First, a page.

• The Passage Locator might look for lines in the poems that show the effect of one or more of the following slavery-related themes in Dave’s life: separation, hope, despair, literacy.
  • The Illustrator create illustrations for some of the poems that are not accompanied by woodcuts in the book.
  • The Connector might look for information about other ways enslaved people found to educate themselves.
  • The Summarizer might provide a brief summary of the group’s reading and discussion points for each meeting.
  • The Investigator might look for additional information about the historical time period during which the story takes place.

There are many resource books available with more information about organizing and implementing literature circles. Three such books you may wish to refer to are: GETTING STARTED WITH LITERATURE CIRCLES by Katherine L. Schlick Noe and Nancy J. Johnson (Christopher-Gordon, 1999), LITERATURE CIRCLES: VOICE AND CHOICE IN BOOK CLUBS AND READING GROUPS by Harvey Daniels (Stenhouse, 2002), and LITERATURE CIRCLES RESOURCE GUIDE by Bonnie Campbell Hill, Katherine L. Schlick Noe, and Nancy J. Johnson (Christopher-Gordon, 2000).

Reader's Response
Use the following questions and writing activities to help students practice active reading and personalize their responses to the book. Suggest that students respond in reader’s journals, essays, or oral discussion. You may also want to set aside time for students to share and discuss their written work, if they wish to.

  1. The themes of possession and ownership come up multiple times: Drake possessing Dave; Dave and Eliza possessing each other in marriage; Dr. Landrum and Dave taking ownership of the pots and jars created; Dave owning his name and thoughts and being able to express them in writing; and so on. Encourage students to discuss who possesses/takes ownership of what over the course of the story.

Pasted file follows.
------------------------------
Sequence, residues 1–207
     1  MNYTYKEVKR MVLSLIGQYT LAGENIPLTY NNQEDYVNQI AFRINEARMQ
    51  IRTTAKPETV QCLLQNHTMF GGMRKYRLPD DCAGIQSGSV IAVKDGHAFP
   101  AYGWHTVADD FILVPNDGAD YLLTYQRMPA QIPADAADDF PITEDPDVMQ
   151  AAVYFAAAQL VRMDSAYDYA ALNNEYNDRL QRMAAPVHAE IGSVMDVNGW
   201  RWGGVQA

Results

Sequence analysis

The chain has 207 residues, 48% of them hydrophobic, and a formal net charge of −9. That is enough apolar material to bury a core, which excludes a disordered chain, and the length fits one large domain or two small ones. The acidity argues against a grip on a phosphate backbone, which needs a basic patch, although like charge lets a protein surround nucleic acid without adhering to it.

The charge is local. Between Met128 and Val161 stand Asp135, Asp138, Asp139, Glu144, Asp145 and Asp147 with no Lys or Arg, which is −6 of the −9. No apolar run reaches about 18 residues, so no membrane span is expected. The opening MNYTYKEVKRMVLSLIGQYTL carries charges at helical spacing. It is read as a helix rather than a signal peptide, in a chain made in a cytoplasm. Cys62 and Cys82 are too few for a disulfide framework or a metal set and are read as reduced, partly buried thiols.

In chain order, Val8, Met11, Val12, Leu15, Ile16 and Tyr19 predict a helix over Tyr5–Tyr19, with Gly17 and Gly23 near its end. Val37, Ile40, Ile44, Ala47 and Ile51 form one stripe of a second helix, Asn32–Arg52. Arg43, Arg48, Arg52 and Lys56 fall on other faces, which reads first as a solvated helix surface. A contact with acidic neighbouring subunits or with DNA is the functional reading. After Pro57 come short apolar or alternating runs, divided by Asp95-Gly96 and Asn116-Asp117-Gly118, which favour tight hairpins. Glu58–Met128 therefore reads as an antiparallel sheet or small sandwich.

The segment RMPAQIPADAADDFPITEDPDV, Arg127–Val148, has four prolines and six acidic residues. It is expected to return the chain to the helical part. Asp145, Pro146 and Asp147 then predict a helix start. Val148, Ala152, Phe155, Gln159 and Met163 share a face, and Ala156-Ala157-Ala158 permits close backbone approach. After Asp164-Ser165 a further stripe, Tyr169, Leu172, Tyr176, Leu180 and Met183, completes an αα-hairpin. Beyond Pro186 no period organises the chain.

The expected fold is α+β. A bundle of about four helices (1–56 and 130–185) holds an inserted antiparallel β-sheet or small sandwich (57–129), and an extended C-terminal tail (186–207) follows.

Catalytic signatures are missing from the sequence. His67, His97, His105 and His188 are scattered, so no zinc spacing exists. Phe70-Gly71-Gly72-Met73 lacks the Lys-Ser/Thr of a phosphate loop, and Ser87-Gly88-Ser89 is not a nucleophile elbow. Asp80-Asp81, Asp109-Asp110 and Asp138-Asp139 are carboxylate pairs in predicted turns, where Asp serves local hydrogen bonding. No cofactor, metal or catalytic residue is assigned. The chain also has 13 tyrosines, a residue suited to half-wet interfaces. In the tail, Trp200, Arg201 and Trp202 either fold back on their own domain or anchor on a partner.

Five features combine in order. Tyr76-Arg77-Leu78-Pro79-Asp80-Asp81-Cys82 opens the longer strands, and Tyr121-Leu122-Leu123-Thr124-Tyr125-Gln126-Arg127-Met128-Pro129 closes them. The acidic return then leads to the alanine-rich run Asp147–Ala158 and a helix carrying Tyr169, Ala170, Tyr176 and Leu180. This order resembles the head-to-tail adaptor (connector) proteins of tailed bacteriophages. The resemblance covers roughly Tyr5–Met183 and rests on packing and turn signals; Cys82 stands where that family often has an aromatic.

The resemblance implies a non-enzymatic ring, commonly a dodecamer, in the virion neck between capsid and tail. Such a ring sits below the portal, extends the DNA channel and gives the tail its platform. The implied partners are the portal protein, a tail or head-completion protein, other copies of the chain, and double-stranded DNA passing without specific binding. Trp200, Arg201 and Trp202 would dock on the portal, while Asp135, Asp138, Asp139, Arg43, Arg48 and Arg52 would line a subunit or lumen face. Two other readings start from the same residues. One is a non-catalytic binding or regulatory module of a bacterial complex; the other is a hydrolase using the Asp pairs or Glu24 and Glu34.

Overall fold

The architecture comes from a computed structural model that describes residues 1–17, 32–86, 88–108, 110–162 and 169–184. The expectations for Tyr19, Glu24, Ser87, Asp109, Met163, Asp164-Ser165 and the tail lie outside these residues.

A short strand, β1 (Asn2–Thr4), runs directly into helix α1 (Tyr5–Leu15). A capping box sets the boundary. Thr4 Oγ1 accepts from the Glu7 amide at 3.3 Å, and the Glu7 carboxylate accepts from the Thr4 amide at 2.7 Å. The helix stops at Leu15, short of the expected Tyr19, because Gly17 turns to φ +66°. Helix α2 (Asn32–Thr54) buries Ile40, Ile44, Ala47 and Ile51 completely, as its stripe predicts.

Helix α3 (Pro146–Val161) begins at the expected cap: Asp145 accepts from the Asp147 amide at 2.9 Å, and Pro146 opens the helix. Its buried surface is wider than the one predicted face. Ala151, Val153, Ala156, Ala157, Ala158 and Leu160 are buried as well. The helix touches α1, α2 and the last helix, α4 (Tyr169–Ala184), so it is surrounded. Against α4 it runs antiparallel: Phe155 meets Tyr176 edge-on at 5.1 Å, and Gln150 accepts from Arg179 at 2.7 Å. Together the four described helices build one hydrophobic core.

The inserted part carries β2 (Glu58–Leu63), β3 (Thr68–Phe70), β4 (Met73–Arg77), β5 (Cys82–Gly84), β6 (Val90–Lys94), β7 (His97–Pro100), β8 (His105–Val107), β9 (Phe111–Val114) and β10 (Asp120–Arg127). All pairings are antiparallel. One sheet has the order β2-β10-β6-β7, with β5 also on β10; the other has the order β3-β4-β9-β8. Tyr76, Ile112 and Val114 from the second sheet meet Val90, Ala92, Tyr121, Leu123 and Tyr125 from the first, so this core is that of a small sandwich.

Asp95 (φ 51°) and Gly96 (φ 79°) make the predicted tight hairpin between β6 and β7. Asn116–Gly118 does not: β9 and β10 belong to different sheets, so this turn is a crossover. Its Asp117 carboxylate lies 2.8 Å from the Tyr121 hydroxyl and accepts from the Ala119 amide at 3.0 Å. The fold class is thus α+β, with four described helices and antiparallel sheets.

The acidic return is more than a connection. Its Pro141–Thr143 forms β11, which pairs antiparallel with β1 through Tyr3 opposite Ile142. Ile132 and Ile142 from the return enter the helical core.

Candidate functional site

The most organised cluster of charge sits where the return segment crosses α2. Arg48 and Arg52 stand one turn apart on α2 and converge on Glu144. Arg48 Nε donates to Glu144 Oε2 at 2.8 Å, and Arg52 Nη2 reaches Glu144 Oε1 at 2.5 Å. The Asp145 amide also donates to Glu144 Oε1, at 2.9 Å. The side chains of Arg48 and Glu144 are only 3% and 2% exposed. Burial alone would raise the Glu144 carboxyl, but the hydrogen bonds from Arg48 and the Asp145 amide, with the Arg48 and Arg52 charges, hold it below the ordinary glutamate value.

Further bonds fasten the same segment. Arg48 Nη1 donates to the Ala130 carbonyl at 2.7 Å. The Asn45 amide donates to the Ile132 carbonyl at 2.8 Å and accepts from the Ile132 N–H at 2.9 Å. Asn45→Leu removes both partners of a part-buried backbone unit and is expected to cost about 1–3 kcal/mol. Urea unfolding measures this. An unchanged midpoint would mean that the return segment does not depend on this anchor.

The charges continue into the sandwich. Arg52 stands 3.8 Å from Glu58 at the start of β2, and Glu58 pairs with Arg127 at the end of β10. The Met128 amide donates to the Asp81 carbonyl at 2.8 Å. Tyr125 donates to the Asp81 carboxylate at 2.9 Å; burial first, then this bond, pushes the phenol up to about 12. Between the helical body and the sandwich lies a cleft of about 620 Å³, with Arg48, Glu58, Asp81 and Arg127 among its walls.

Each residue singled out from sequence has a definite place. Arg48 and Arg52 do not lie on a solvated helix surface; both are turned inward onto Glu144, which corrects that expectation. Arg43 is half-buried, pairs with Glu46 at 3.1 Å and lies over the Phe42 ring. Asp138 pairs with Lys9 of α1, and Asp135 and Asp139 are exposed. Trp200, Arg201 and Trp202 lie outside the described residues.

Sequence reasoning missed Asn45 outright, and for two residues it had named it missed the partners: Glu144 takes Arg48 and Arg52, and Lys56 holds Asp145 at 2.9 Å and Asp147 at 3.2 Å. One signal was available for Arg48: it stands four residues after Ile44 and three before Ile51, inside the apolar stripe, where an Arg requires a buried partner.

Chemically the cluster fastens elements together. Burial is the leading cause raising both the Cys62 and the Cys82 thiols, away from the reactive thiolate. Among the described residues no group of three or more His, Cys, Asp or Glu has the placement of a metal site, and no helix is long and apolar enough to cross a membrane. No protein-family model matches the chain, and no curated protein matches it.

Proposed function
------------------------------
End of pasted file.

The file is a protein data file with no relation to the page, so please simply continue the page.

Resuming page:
2. Which parts of the story did you connect to the most? Why? What are the most positive parts of the story? What are the least positive? Why do you think so?
  3. Choose two characters in the story. Compare and contrast their views on slave ownership. Cite evidence/passages from the poems to support your answer.
  4. Harvey Drake sees talent and literacy as dangerous. Is talent power? Is knowledge power? Why do you think so?
  5. Before Dr. Landrum departs for Columbia, he says to Dave: “a man must stand up/for what he thinks is right/even when/he stands alone.” What does this statement tell you about Dr. Landrum’s character? How might behaving in this way play out in today’s world? If you can, tell how someone you know or are aware of who has stood up for what he or she thinks is right.
  6. Is Etched in Clay a good title for the book? Why do you think so? Try to come up with three ways in which the phrase “etched in clay” is meaningful in the story.
  7. Have students write a book recommendation for this story explaining why they would or would not recommend this book to other students.

ELL Teaching Strategies
These strategies might be helpful to use with students who are English language learners.

  1. Assign ELL students to read the story aloud with strong English readers/speakers.
  2. Have each student write three questions about the story. Then let students pair up and discuss the answers to the questions.
  3. Depending on students’ level of English proficiency, after the first reading have students work in pairs to retell either the plot of the story or key details. Then ask students to write a short summary, synopsis, or opinion about what they have read.
  4. Have students give a short talk about what they admire about the main character or other central figure in the story.